Winter 2022

In Memoriam

Professor Yale Kamisar

Yale Kamisar

Yale Kamisar, a towering, beloved figure in the Law Quad and a nationally renowned scholar of constitutional law, died on January 30, 2022, in Ann Arbor. He was 92.

Kamisar, the Clarence Darrow Distinguished University Professor of Law Emeritus and Professor Emeritus of Law, was raised in the Bronx, New York, and attended New York University and Columbia Law School as a first-generation college graduate. (His time at Columbia was interrupted by service in the Korean War, for which he was awarded a Purple Heart.) After law school, he joined Covington and Burling as an associate. 

He went on to teach at the University of Minnesota Law School before joining the Michigan Law faculty in 1965, where he taught and mentored Michigan Law students for more than a half century.

“Yale was larger than life in so many ways. If you read through the many tributes that were written when he retired, you will learn stories about Yale the brilliant scholar; Yale the teacher; and Yale the loud, intimidating, auto provocative violator of personal space,” says Eve Primus, ’01, the Yale Kamisar Collegiate Professor of Law. 

“And you will also learn that Yale was so much more than all of those things,” she continues. 

“He was an incredibly kind and generous soul. He read every draft someone sent him, responded to every phone call or email, and regularly gave of his time to help others. I remember when I first learned about his service in the Korean War and asked him about it. He downplayed it and said he was just doing his part because that is how he thought about public service—as just doing his part. The world is a better place because Yale was in it,” says Primus. “I will always cherish my memories of him. He meant so much to the criminal procedure world, to this institution, and to me.”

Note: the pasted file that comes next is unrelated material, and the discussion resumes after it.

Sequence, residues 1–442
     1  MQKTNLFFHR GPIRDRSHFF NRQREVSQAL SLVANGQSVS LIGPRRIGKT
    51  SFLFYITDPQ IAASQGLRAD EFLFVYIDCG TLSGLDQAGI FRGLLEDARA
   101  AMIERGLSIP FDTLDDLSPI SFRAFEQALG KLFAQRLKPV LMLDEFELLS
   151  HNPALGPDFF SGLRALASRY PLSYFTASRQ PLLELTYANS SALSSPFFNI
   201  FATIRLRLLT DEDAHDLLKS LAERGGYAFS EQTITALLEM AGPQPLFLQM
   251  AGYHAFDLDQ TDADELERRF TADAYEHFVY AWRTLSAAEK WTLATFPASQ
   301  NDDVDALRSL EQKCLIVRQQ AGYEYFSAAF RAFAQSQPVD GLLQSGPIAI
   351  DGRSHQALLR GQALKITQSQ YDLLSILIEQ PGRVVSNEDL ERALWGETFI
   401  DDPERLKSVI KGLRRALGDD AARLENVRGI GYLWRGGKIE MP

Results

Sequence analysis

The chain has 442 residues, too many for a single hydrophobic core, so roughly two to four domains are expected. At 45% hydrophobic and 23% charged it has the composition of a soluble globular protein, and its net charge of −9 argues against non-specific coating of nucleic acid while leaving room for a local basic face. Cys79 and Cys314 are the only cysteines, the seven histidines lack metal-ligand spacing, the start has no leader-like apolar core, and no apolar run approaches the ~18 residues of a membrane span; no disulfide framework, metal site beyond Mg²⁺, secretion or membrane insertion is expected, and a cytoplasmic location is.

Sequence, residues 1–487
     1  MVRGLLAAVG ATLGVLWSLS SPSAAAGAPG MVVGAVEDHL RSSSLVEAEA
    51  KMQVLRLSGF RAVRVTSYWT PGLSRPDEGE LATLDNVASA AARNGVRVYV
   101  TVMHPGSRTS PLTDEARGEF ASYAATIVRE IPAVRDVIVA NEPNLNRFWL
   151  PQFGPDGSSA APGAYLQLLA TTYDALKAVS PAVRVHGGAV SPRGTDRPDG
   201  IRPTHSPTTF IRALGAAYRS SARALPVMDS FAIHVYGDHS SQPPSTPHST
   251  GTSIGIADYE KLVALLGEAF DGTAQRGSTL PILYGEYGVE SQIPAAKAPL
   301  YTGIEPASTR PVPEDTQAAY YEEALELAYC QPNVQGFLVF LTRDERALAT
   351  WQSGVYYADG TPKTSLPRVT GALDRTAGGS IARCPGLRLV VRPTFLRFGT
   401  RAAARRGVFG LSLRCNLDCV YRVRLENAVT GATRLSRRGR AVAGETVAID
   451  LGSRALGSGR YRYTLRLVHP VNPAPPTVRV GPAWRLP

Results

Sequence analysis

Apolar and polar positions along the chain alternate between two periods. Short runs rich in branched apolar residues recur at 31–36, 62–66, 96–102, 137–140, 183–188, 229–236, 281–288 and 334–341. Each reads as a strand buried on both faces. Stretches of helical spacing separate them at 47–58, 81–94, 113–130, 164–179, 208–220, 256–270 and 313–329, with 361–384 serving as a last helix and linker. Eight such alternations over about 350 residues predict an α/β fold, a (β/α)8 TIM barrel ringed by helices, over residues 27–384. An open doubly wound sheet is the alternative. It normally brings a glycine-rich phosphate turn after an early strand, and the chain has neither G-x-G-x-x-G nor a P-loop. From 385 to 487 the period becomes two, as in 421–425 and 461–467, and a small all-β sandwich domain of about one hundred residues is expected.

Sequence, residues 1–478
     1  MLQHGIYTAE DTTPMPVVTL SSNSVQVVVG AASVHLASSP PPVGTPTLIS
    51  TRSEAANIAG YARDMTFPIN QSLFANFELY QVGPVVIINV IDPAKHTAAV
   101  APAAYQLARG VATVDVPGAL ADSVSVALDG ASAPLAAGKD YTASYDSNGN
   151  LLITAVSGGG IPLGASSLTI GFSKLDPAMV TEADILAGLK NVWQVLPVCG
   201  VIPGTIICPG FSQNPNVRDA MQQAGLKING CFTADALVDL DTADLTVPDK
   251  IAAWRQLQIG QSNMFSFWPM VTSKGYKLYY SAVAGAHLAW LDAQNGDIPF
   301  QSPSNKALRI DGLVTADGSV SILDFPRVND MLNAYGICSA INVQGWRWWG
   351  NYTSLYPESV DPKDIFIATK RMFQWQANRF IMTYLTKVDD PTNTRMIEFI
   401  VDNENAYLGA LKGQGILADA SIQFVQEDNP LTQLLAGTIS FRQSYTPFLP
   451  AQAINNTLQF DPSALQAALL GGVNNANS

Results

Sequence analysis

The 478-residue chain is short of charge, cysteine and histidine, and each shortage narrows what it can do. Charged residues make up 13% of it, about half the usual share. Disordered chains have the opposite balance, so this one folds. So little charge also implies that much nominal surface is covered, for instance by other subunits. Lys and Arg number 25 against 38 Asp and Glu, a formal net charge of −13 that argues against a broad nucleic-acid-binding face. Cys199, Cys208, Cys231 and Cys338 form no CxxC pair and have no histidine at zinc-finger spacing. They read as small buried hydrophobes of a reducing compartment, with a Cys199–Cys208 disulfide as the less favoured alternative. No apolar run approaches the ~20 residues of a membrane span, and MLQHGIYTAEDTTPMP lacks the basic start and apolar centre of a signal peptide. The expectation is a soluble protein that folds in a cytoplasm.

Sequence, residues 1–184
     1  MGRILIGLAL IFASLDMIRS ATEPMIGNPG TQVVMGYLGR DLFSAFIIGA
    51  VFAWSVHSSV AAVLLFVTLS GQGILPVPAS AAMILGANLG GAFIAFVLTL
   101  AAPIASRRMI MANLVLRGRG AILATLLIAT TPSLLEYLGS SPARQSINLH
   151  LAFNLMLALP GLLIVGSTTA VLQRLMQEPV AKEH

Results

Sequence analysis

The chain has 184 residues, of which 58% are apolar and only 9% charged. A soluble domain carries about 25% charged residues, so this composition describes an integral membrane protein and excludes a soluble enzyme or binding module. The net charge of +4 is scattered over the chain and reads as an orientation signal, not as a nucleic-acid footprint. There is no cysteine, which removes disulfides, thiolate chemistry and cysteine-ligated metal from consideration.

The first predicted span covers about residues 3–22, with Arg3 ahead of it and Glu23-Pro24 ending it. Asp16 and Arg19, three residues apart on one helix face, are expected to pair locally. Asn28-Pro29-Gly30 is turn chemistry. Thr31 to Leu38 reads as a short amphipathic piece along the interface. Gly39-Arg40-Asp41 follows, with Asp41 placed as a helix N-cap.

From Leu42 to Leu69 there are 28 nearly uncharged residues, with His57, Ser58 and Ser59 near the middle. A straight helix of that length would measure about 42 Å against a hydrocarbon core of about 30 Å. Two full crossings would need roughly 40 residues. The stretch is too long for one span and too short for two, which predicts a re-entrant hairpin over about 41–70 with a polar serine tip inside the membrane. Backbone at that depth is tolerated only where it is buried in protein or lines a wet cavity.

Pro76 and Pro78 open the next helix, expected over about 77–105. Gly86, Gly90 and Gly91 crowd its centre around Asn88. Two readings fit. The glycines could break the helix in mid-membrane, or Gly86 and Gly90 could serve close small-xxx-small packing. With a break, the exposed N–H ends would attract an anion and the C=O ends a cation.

Often referred to as the “father of Miranda” for the influence his writing had on the landmark Supreme Court case Miranda v. Arizona, his scholarship was cited in more than 30 Supreme Court rulings and has shaped generations of scholars in the fields of constitutional law and criminal procedure. 

“The term ‘giant’ is often overused even if kindly meant,” says Ted St. Antoine, ’54, the James E. and Sarah A. Degan Professor Emeritus of Law. “But Yale was indeed a giant, the country’s foremost constitutional criminal law proceduralist.”

Kamisar is the author of Police Interrogation and Confessions: Essays in Law and Policy and co-author of Criminal Justice in Our Time and The Supreme Court: Trends and Developments (five annual volumes). He also co-authored two widely used casebooks: Modern Criminal Procedure: Cases, Comments & Questions, 10 editions; and Constitutional Law: Cases, Comments & Questions, 12 editions. 

In addition, he wrote numerous articles on police interrogation and confessions, right to counsel, search and seizure, and euthanasia and assisted suicide, and he was widely quoted on these subjects. 

Kamisar is survived by his wife, Joan; his sons, David, Gordon, and Jonathan; his daughters-in-law, Denise, Karen, and Stacy; four grandchildren; and two sisters.

Read more about the life of Yale Kamisar in “The Warrior Scholar,” part of the Michigan Heritage Project.